Case in point is the title of his latest album, 12 Days of Christmas and Dia De Los Reyes. Released on January 6, 2023, via Dirty Looks Records, the album name references the “Twelve Days of Christmas” carol and the Dia De Los Reyes (Day of the three kings) which is observed in much of Latin America and Spain on January sixth. Given the album’s release date, the title kind of makes sense. But also making an album named after Christmas, weeks after the holidays, and having nothing to do with Christmas or Dia De Los Reyes content-wise is just the type of head scratcher one would expect from Homeboy Sandman.
Each track is named after a different day of Christmas (and of course Dia De Los Reyes) but the track titles are merely place holders for the Sandman’s handy work. Each beat feels like an experiment in rhythmic cadence, the boy Sand (as he often refers to himself) proving his mettle on different tempos and syncopated samples. Seemingly mundane everyday observations are mixed in with motivational self-help themes and of course emcee braggadocio. One of the standout tracks is “Third Day of Christmas” where Homeboy Sandman makes the following observations: “Made it to the farmers market / From the days of the farting armpit.”
The production duties are handled by a collection of beat makers, including Peanut Butter Wolf, Illingsworth, and Mono En Stereo (to name a few). The beat palette is sufficiently quirky. The song “Dia De Los Reyes,” in particular, demonstrates how Homeboy Sandman bars really sound great over almost anything, including an up-tempo Salsa sample.
The only thing this album leaves me wanting for is cohesion. Despite the title and theme/non-theme, there isn’t much to make this feel like an album as opposed to a collection of tracks. All that said, the album is enjoyable, and the song titles may allow me to put it on some Christmas playlists next year. Maybe that was Homeboy Sandman’s plan all along.
Favorite Track: “Third Day of Christmas”
In These Times
(International Anthem Records)
Release date: September 23, 2022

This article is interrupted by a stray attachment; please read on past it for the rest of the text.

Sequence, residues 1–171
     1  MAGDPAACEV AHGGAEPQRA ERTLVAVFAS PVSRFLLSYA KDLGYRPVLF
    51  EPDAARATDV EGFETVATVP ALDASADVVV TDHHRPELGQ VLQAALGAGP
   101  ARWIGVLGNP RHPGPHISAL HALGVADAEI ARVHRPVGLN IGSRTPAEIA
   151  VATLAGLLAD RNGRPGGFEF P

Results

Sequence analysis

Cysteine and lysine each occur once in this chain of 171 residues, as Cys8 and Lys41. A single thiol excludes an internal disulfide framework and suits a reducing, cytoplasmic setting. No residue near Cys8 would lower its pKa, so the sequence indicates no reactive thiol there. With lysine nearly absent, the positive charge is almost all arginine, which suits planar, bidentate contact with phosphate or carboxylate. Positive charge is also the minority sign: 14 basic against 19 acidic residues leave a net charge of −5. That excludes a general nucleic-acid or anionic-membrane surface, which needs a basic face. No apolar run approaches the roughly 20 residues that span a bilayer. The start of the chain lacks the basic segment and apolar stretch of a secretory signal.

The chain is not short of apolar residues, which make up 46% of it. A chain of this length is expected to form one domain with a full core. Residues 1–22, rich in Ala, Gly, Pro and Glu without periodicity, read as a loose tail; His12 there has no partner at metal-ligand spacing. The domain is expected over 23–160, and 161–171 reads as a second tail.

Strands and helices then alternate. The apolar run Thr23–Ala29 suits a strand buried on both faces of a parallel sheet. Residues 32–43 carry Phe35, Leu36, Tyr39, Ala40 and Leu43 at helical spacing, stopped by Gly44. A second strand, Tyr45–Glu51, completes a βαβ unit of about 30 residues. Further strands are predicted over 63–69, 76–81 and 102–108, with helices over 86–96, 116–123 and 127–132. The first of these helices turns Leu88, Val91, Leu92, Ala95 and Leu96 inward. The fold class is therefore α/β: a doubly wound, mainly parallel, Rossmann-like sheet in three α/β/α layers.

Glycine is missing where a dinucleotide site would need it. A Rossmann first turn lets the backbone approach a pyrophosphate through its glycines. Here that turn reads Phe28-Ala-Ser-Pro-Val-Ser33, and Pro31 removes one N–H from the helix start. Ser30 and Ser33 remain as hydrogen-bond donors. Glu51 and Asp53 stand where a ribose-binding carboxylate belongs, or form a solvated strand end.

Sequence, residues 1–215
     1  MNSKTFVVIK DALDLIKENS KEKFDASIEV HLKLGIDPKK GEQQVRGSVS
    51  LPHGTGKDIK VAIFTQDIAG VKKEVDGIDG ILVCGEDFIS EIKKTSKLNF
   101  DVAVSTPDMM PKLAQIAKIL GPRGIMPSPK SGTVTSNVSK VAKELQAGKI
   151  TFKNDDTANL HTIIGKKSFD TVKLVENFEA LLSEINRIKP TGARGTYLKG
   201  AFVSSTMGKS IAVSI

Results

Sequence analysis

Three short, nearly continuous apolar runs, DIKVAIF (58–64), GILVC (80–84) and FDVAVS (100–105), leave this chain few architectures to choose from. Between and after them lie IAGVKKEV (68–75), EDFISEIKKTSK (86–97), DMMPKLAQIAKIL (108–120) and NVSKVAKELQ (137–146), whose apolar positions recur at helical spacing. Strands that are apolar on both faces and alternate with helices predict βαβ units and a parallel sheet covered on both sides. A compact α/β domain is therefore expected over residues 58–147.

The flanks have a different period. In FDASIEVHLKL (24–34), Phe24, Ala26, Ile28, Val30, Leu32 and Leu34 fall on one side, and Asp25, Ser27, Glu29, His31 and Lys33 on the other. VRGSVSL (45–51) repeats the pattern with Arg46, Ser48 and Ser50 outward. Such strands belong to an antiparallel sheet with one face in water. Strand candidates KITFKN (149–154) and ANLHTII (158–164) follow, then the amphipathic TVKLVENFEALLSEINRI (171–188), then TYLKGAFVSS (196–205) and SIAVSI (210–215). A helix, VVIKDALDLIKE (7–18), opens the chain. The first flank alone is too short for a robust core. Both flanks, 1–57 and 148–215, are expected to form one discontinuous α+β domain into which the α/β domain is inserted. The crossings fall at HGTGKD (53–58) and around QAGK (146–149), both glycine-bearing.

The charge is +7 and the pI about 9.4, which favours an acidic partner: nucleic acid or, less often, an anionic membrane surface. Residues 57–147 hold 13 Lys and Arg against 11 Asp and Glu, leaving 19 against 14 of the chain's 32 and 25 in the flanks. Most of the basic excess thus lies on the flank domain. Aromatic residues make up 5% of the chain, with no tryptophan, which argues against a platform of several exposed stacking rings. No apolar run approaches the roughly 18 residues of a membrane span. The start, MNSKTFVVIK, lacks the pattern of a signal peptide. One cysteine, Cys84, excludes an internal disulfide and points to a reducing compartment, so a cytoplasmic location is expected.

Written by Taran Escobar-Ausman
In a way, drummer Makaya McCraven’s new LP, In These Times, completes a cycle. Always a bedroom beatmaker, McCraven started taking recordings of live performances of his band in Chicago, chopping them up, stitching different snippets together, and adding some magical post-production flourishes to create a new sound that he calls “organic beat music.” This resulted in his first aptly-titled release, 2016’s In the Moment. With his second LP, Universal Beings, he played live studio sessions with various collections of musicians on both sides of the Atlantic, similarly rearranged the recordings with his own brand of hip-hop production, but took it a step further by going on tour to play the new rearranged versions live. In These Times is his first release with deliberate compositions, which are now, however, infused with the techniques, slightly off-beat time signatures, and head-nodding complexity developed from those past live shows.
The magic of finding new rhythmic patterns within the sea of improvised music changed McCraven’s drumming style as he now seamlessly and subtly shifts between off-kilter hip-hop beats and polyrhythmic jazz flourishes. He straddles so many musical worlds that it would almost be sacrilege to simply call his music “jazz,” a term which he states is “offensive at worst and insufficient at best.” Instead, his organic beat music lives in its own musical multiverse, pulling from different genres and eras without garnering any trite labels such as “hybrid” or “fusion.”
“Dream Another’’ sounds like a lost track from Donald Byrd’s Street Lady. A flute, harp, and baby sitar flutter in and out of the melody over a soul-inspired bass line and hypnotic 7/4 hip-hop–like beat. Somehow the track “This Place That Place” simultaneously plays as a funk-jazz piece and hip-hop influenced chamber music. A personal favorite, “So Ubuji,” lulls you in with a gentle, meandering harp and marimba before breaking way for a rare 4/4 head-nodder. You’ll undoubtedly be making your best stank face. The highlight of “The Knew Untitled” is Matt Gold’s guitar work that pulls from the Bill Frisell school of tonality and angular phrasing.
As McCraven develops and refines his approach to making music he has become an alchemist and enchanter of sorts. There will always be magic to be found in his creations.
Favorite Track: “So Ubuji”